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Cited by 22 (1 self)
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Abstract. This article presents the systematic design of a class of relational numerical abstract domains from nonrelational ones. Constructed domains represent sets of invariants of the form (vj − vi ∈ C), where vj and vi are two variables, and C lives in an abstraction of P(Z), P(Q), or P(R). We will call this family of domains weakly relational domains. The underlying concept allowing this construction is an extension of potential graphs and shortestpath closure algorithms in exoticlike algebras. Example constructions are given in order to retrieve wellknown domains Interpretation framework in order to design various static analyses. A major benefit of this construction is its modularity, allowing to quickly implement new abstract domains from existing ones. 1
An overview of semantics for the validation of numerical programs
, 2005
"... Abstract. In this article, we introduce a simple formal semantics for floatingpoint numbers with errors which is expressive enough to be formally compared to the other methods. Next, we define formal semantics for interval, stochastic, automatic differentiation and error series methods. This enable ..."
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Cited by 20 (9 self)
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Abstract. In this article, we introduce a simple formal semantics for floatingpoint numbers with errors which is expressive enough to be formally compared to the other methods. Next, we define formal semantics for interval, stochastic, automatic differentiation and error series methods. This enables us to formally compare the properties calculated in each semantics to our reference, simple semantics. Most of these methods having been developed to verify numerical intensive codes, we also discuss their adequacy to the formal validation of softwares and to static analysis. Finally, this study is completed by experimental results. 1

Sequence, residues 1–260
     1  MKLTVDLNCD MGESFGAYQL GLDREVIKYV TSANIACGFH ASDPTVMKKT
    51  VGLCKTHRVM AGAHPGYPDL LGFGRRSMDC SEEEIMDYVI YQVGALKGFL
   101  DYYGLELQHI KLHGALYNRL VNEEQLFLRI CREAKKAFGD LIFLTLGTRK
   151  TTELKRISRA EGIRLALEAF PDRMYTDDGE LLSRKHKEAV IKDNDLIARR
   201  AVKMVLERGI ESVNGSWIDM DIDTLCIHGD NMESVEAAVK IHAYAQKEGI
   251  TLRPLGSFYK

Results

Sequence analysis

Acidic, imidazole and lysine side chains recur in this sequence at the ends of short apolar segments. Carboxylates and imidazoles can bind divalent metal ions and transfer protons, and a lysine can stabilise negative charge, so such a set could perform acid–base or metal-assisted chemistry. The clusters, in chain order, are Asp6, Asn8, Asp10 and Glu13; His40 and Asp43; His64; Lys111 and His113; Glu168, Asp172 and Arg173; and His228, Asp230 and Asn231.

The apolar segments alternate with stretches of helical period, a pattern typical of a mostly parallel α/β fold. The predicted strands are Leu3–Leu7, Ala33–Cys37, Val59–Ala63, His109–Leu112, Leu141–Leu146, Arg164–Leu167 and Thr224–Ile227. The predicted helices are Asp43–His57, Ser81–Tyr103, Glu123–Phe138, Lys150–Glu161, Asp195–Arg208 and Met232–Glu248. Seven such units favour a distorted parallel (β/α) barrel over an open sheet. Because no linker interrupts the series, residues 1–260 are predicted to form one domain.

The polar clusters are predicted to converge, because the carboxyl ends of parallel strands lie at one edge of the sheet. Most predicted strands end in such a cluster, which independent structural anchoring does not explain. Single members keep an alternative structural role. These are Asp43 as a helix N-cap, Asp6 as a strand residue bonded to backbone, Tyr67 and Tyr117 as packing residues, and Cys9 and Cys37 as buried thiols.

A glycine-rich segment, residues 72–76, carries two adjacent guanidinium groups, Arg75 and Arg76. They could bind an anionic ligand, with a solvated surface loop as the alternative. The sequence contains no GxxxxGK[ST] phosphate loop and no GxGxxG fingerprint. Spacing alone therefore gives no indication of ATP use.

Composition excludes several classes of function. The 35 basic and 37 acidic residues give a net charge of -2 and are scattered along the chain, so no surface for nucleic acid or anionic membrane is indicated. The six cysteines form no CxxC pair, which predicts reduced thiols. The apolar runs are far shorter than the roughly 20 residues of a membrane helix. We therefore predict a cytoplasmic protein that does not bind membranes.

Static Analysis for Probabilistic Programs: Inferring Whole Program Properties from Finitely Many Paths.
"... We propose an approach for the static analysis of probabilistic programs that sense, manipulate, and control based on uncertain data. Examples include programs used in risk analysis, medical decision making and cyberphysical systems. Correctness properties of such programs take the form of queries ..."
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Cited by 14 (1 self)
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We propose an approach for the static analysis of probabilistic programs that sense, manipulate, and control based on uncertain data. Examples include programs used in risk analysis, medical decision making and cyberphysical systems. Correctness properties of such programs take the form of queries that seek the probabilities of assertions over program variables. We present a static analysis approach that provides guaranteed interval bounds on the values (assertion probabilities) of such queries. First, we observe that for probabilistic programs, it is possible to conclude facts about the behavior of the entire program by choosing a finite, adequate set of its paths. We provide strategies for choosing such a set of paths and verifying its adequacy. The queries are evaluated over each path by a combination of symbolic execution and probabilistic volumebound computations. Each path yields interval bounds that can be summed up with a “coverage ” bound to yield an interval that encloses the probability of assertion for the program as a whole. We demonstrate promising results on a suite of benchmarks from many different sources including robotic manipulators and medical decision making programs.